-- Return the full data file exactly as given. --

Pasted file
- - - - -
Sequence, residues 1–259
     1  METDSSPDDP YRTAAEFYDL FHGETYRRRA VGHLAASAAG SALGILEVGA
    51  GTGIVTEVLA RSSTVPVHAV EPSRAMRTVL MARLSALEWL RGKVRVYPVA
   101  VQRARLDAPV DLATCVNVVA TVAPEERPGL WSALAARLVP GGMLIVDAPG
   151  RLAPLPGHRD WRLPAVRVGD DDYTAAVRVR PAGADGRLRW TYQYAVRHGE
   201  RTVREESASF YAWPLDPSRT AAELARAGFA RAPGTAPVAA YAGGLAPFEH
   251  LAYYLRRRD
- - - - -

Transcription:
Sequence, residues 1–259
     1  METDSSPDDP YRTAAEFYDL FHGETYRRRA VGHLAASAAG SALGILEVGA
    51  GTGIVTEVLA RSSTVPVHAV EPSRAMRTVL MARLSALEWL RGKVRVYPVA
   101  VQRARLDAPV DLATCVNVVA TVAPEERPGL WSALAARLVP GGMLIVDAPG
   151  RLAPLPGHRD WRLPAVRVGD DDYTAAVRVR PAGADGRLRW TYQYAVRHGE
   201  RTVREESASF YAWPLDPSRT AAELARAGFA RAPGTAPVAA YAGGLAPFEH
   251  LAYYLRRRD